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Ghostland searches for the truth behind tales of haunted places

Cropping of book jacket

Have you ever seen a ghost?  A Pew Researchstudy asked that question last year around this time, and 18 percent of the American respondents answered yes.

I haven’t seen one, but I think one sat on top of me in bed once.



Belief isn’t all that important, according to Colin Dickey, author ofGhostland: An American History in Haunted Places. “This book is not about the truth or falsity of any claims of ghosts,” he says. “It doesn’t do any good.” He quotes Samuel Johnson [1709 - 1784] as backup


Dickey appreciates a Samuel Johnson quote that reads, “There is no amount of proof that will convince a skeptic of spirits, just as no amount of skeptical debunking will disabuse a believer.”


Sounds like the presidential campaign, doesn’t it?


Dickey went from one end of the country to the other for his book, peeking into cobwebbed windows, cemeteries, and even entire towns searching for the truth behind well-known tales of hauntings. It might not surprise you that he grew up near the Winchester Mystery House in San Jose, one of the buildings he investigates. It’s his search for the story behind the supposed hauntings that sets this book apart.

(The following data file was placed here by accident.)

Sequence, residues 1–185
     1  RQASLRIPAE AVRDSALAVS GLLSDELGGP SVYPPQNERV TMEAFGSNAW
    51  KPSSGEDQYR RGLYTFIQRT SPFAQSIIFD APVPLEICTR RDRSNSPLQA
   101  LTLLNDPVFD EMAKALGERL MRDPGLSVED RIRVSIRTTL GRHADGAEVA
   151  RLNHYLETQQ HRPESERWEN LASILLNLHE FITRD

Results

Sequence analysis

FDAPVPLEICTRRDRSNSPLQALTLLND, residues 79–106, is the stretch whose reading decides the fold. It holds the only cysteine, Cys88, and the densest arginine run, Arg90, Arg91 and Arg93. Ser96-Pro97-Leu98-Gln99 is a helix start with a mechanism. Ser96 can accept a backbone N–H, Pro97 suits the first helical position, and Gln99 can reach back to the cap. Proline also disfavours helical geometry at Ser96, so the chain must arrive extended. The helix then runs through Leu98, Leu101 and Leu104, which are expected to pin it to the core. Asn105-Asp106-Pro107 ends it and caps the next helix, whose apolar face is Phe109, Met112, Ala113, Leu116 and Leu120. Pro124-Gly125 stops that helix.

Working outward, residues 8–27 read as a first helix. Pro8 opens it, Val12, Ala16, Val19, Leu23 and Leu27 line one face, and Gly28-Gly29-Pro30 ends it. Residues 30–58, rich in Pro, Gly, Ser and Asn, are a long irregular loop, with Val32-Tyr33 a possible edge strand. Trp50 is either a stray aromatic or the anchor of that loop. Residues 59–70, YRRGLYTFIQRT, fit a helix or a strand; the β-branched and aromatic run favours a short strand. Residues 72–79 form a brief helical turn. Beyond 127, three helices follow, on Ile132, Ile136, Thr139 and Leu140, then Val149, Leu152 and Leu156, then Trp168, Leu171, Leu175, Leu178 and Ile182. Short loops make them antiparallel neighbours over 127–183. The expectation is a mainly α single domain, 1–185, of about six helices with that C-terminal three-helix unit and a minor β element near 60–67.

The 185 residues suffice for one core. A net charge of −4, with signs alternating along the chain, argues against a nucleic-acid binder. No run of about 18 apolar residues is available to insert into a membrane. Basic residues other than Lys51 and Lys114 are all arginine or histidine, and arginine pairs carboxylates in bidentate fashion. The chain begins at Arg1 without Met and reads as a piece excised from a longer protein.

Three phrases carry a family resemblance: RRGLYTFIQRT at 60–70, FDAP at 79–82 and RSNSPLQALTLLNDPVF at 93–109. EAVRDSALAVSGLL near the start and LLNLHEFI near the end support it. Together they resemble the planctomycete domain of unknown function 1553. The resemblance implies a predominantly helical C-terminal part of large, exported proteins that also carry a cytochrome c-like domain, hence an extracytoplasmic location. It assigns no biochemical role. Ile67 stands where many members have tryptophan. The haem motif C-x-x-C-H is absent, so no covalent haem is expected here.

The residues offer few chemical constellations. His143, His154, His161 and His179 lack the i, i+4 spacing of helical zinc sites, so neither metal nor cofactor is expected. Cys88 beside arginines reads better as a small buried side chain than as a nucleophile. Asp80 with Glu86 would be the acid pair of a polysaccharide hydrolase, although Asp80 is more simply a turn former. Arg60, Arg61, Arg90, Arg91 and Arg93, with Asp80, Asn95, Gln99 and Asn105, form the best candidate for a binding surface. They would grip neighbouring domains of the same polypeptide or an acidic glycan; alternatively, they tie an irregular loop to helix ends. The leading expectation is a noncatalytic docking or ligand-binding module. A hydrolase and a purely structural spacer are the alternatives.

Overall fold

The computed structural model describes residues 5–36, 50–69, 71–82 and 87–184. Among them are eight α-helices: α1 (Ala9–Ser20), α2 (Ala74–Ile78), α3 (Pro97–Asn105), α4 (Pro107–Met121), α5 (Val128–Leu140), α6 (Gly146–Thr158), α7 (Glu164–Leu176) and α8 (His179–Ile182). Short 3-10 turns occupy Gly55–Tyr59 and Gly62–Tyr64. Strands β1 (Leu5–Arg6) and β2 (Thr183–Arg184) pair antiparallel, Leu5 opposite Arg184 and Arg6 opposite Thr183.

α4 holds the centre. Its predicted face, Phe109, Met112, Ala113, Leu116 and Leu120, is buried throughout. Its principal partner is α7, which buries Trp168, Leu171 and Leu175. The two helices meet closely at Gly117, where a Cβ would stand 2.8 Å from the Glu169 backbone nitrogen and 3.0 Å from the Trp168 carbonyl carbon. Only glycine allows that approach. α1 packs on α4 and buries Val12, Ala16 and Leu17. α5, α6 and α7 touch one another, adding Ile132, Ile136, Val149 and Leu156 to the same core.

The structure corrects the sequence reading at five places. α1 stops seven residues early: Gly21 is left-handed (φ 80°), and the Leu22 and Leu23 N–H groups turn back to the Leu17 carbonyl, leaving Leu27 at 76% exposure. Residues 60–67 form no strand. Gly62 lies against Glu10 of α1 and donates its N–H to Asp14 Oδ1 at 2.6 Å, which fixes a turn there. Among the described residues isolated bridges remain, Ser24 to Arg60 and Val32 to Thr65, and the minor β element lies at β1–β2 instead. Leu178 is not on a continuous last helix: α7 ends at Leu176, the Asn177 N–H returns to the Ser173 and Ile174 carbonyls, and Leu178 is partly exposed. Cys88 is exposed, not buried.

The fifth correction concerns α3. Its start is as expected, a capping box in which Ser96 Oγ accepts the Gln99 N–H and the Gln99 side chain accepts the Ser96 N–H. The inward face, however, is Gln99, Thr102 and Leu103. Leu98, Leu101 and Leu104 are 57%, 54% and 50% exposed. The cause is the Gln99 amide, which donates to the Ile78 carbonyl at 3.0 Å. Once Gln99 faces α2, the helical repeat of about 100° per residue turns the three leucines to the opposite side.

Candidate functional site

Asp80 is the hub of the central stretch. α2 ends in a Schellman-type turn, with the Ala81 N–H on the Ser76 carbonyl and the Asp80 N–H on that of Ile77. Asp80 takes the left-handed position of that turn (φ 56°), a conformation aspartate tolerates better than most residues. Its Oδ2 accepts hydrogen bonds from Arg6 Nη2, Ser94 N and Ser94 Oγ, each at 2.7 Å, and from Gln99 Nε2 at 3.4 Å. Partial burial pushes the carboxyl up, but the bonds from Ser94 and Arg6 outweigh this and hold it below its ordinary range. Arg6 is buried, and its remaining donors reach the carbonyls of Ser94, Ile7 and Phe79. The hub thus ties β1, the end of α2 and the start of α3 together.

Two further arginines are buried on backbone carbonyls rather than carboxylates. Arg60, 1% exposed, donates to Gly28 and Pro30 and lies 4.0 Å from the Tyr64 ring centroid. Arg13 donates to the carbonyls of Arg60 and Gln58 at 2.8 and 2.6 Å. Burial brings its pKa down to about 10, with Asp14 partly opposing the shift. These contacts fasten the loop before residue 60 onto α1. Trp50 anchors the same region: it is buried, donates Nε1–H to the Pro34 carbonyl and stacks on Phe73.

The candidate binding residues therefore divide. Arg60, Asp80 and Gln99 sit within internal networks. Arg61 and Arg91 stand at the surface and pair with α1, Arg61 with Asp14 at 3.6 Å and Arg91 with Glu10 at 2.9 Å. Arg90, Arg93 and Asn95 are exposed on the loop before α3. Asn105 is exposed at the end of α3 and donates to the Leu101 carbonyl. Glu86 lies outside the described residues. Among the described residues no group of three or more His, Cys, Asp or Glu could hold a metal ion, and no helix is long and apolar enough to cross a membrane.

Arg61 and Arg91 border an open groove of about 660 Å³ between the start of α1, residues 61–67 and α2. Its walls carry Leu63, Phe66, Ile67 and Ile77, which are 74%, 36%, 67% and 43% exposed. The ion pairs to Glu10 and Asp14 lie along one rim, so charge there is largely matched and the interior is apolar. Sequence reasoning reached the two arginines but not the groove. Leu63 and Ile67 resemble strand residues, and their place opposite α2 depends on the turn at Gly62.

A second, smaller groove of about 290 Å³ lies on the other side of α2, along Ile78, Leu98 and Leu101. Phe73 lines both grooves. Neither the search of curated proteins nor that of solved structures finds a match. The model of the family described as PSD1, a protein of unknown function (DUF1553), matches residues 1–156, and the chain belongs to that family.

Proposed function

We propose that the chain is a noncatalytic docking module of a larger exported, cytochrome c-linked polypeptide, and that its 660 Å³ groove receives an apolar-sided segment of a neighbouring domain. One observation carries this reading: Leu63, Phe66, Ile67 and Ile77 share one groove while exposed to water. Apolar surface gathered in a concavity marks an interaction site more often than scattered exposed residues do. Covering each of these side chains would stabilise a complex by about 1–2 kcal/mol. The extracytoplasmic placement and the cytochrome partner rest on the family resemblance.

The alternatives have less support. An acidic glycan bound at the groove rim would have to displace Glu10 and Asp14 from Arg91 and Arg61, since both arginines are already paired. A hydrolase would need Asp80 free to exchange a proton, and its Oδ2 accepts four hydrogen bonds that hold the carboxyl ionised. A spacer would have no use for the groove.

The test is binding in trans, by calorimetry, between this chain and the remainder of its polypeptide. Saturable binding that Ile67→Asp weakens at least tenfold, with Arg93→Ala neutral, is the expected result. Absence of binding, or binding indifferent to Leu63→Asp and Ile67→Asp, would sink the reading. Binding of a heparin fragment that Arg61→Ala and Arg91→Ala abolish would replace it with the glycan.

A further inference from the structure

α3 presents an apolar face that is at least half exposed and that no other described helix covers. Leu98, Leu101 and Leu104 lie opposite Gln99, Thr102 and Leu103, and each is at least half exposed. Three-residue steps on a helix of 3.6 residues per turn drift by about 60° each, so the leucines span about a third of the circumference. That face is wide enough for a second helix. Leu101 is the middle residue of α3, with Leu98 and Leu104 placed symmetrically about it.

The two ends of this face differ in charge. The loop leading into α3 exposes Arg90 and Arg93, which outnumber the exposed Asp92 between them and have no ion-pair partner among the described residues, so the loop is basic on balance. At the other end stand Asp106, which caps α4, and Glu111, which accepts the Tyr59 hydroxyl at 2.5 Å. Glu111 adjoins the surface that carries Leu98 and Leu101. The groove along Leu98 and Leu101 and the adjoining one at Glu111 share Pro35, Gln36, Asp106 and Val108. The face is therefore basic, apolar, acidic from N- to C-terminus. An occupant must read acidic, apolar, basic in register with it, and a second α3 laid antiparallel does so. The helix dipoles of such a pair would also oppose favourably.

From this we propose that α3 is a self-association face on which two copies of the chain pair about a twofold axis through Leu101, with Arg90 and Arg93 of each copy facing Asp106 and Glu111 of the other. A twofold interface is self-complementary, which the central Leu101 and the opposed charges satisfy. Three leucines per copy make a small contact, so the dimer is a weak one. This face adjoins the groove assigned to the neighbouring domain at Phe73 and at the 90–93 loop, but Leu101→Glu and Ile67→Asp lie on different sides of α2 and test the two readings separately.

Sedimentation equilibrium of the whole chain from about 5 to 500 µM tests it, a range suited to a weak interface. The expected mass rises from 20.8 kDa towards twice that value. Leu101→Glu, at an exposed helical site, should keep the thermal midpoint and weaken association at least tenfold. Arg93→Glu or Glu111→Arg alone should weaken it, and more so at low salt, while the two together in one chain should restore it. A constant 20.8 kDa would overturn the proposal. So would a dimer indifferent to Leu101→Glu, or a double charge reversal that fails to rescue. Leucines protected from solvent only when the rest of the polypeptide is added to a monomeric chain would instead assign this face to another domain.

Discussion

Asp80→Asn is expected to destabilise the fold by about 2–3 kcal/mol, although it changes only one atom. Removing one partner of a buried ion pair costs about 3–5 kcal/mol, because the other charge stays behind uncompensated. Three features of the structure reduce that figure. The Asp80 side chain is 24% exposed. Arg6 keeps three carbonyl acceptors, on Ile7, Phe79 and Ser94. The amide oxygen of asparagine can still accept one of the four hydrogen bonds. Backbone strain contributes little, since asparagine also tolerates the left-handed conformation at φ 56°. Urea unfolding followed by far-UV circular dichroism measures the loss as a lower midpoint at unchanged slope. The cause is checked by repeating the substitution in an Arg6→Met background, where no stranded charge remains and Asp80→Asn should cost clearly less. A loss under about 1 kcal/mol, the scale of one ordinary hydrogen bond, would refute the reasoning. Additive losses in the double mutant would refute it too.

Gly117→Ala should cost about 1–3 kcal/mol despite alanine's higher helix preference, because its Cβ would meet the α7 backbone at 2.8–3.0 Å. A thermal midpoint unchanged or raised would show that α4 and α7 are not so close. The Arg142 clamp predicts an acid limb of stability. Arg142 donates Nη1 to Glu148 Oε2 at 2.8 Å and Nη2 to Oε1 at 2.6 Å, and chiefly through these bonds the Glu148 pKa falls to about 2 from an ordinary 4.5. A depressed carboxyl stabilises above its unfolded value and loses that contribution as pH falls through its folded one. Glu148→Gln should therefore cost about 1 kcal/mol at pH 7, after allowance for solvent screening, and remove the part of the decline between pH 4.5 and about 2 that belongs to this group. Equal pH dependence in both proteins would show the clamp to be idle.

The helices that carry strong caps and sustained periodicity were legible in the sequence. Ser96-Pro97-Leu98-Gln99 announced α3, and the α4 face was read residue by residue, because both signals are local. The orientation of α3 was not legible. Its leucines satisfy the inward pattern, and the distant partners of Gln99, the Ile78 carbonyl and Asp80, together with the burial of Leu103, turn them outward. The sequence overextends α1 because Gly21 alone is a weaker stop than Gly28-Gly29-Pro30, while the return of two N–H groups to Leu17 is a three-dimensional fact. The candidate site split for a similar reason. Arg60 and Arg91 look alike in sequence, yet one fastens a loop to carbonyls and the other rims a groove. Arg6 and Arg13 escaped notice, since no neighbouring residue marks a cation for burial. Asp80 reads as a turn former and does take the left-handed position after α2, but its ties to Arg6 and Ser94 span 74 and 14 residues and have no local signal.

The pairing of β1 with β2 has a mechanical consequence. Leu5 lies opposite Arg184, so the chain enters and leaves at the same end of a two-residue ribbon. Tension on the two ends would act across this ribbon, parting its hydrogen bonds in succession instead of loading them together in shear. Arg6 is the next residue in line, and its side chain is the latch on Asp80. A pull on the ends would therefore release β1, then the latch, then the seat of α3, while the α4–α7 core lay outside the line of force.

The author notes that there is no proof that Sarah Winchester regularly held séances there, despite what theWinchester House tour guides say. And the constant construction at the house was most likely not to scare away ghosts, or to consult with them, or to keep her alive.


“At some point,” Dickey relates in the book, “the perpetual building seems to have become a pretense to keep her family away."


Stories of the supernatural didn’t really come about until after Winchester’s death, when a Canadian amusement park owner took control of the place. You might want to skip this chapter if you prefer that some mystery around this house remain.


Have you noticed how so many haunted houses belong to eccentric old women? Old women with strong opinions who don’t quite fit in? That, Dickey writes, is part of “an uneasiness about women living alone, withdrawn from society ... which we don’t always like to admit."


That ghost that sat on my bed may have belonged to such a woman. We were in her house, after all. She was known in life to shoot at people who approached without invitation. Her house was on the way to Mount Hamilton, an hour or so from the old Winchester place. But that tale is better told around a campfire than in this book review.


Careful readers may find a few typographical errors in Ghostland. Publishers may overlook them, but they do so at their peril. For like ghosts, they’re bound to come back to haunt them.




Colin Dickey has two appearances in the Bay Area this weekend, and none of them requires a séance.


He’ll be atBooks Inc. in Alameda on Friday at 7pm. After that he’s expected to materialize atBorderland Books in San Francisco for an afternoon question-and-answer session with Annalee Newitz. That starts at 3pm.